Mr. Darabont, who is also a writer on “The Walking Dead” and directed its pilot episode, has not lost touch with his formative days writing the screenplays for horror films like “A Nightmare on Elm Street 3: Dream Warriors” and “The Fly II.” He discovered Mr. Kirkman’s material about five years ago on a routine visit to a Burbank, Calif., comic-book shop.

Mr. Darabont said that the comics presented a ready-made narrative about people trying to survive extreme situations in which zombies were a facet but not the focus.

“It really is the human story that’s being told,” Mr. Darabont said. “I always say that’s the meal. What are the great stories you can tell about these people? The zombies are really the context to tell that story. They’re the frosting on the cake.”

At that time Mr. Darabont was signed to an overall deal at NBC. And while he realized a show populated with decomposing antagonists might not be the easiest fit for prime-time television, he took inspiration from other network series whose fantastic premises were simply a jumping-off point for character-driven drama.

“I’m not trying to borrow anybody else’s glory or mojo,” Mr. Darabont said. “But fundamentally what’s really interesting about a bunch of people trapped on a weird island? It’s not so much the weird island, is it? It’s that you get to really care about these people, and you go on their journey with them.”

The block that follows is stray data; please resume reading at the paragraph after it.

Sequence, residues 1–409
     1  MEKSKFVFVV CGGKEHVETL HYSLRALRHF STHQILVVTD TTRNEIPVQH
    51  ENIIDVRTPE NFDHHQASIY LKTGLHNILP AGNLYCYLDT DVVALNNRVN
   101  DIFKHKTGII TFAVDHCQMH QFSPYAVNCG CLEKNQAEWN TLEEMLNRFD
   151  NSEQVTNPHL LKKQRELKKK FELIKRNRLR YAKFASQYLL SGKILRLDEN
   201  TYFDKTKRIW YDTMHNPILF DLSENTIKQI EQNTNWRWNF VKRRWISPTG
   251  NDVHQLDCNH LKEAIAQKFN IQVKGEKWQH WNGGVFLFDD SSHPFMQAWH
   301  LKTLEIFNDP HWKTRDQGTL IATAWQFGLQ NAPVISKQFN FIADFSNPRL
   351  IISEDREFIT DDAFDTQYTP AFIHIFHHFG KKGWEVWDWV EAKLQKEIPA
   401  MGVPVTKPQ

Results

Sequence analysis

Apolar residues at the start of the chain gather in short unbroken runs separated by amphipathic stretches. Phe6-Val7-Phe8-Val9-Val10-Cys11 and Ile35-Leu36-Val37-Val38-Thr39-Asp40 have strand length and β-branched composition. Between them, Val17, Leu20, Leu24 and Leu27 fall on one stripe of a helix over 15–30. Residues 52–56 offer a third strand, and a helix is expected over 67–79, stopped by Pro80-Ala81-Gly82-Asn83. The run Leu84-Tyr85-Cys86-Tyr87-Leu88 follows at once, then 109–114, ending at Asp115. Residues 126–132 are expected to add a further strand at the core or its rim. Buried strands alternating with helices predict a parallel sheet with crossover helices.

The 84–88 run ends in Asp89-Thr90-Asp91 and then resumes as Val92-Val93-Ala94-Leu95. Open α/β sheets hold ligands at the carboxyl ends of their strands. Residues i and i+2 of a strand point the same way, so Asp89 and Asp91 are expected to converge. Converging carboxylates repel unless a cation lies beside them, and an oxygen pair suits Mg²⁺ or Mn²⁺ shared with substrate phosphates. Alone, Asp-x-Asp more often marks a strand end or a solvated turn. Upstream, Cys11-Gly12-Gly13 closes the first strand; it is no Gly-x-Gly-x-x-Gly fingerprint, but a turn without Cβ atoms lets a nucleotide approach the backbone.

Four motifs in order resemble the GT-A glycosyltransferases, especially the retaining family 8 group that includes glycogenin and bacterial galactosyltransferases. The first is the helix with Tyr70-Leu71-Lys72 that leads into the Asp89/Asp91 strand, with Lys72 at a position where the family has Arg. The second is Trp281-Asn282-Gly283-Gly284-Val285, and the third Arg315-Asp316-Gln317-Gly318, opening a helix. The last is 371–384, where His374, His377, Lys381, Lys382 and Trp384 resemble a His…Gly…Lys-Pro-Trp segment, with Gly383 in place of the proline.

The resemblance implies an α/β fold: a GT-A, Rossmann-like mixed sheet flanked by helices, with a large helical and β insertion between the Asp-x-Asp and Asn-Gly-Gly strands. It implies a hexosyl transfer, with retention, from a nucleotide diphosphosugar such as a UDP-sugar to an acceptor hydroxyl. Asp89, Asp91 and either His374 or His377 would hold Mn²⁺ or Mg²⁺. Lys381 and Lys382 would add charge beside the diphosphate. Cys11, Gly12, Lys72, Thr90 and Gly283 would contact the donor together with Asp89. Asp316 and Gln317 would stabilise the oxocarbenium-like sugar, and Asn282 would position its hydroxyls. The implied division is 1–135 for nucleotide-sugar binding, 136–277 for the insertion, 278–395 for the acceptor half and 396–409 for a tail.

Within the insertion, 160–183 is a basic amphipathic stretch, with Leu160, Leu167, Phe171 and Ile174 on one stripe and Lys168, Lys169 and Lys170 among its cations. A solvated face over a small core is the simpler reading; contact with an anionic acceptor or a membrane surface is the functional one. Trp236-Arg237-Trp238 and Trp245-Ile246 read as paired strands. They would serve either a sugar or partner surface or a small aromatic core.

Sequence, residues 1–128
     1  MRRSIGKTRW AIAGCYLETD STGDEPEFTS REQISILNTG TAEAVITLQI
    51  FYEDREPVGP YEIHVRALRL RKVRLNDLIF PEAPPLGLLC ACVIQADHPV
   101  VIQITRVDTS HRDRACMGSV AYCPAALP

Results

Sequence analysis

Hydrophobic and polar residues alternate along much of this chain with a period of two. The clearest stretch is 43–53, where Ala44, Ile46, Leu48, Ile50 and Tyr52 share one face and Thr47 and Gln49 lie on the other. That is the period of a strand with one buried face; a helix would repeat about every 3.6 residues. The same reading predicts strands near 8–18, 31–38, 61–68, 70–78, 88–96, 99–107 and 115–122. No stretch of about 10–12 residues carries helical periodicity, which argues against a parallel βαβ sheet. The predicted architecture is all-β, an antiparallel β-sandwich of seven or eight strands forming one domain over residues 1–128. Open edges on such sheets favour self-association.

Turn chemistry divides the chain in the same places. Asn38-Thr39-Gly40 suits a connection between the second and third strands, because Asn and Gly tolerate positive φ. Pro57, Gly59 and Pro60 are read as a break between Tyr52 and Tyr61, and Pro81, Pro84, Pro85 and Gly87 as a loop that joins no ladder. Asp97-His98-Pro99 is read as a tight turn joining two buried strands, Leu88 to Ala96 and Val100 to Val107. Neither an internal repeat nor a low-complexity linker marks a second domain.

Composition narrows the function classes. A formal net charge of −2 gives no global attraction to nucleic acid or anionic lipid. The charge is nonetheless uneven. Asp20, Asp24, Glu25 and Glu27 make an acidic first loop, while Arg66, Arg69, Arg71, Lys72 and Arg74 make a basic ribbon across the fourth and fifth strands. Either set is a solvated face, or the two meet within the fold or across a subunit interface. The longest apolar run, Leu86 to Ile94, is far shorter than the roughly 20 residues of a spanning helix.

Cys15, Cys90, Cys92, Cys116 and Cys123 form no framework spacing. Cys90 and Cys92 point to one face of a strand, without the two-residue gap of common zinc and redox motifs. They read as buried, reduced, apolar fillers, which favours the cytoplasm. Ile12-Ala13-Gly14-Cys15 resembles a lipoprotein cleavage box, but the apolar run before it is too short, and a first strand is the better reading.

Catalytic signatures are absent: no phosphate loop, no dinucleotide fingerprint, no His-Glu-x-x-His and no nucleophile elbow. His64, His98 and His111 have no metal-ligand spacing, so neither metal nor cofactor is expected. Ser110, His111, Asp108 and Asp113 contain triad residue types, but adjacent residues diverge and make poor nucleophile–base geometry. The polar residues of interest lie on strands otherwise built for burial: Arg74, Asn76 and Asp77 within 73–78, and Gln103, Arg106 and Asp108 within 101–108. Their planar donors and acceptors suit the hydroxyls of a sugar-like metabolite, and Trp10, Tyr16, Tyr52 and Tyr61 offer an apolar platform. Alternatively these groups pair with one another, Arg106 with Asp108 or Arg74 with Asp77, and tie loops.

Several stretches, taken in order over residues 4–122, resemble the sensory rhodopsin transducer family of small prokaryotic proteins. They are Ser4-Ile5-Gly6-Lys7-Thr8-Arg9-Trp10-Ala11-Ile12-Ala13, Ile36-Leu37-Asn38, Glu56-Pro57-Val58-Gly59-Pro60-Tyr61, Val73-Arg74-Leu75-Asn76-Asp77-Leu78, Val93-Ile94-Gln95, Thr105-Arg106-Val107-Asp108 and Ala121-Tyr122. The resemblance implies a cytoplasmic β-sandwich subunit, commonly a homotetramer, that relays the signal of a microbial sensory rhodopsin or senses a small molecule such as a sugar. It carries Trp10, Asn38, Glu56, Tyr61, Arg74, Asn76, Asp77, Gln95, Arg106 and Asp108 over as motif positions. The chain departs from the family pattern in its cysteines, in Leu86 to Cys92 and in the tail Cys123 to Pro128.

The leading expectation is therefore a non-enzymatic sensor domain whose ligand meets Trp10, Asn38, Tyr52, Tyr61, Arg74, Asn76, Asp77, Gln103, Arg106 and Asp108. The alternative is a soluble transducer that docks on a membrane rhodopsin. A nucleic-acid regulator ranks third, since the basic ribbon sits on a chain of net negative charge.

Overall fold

But a “Walking Dead” pilot script did not get far at NBC. “On the face of it they got excited,” Mr. Darabont said. “‘Oh my God, a zombie show!’ Then I wrote the script and handed it to them. And they said, ‘Oh my God, this is a zombie show.’ ”

The project didn’t stay buried for good, however. Ms. Hurd joined “The Walking Dead” as a producer, and the series was pitched last fall to AMC, which committed to shooting six episodes last summer.

In some ways the television version of “The Walking Dead” hews closely to the story established in the comic books. Its central character is Rick Grimes (played by Andrew Lincoln), a Kentucky police officer who is hospitalized in a coma after being wounded in the line of duty. He revives weeks later to a world that has been devastated by zombies, leaving him to seek out whether his family — and humanity — has survived.

The series also finds ways to weave in subplots that were not in Mr. Kirkman’s original tales, expanding on the back stories of supporting characters, lingering on scenes that in the comics are told in just a few panels.

But perhaps the most surprising twist to “The Walking Dead” is that it is being shown on AMC, a channel whose brand of original series is associated with prestige, critical approval and Emmy Awards — qualities not typically associated with zombie-theme programming.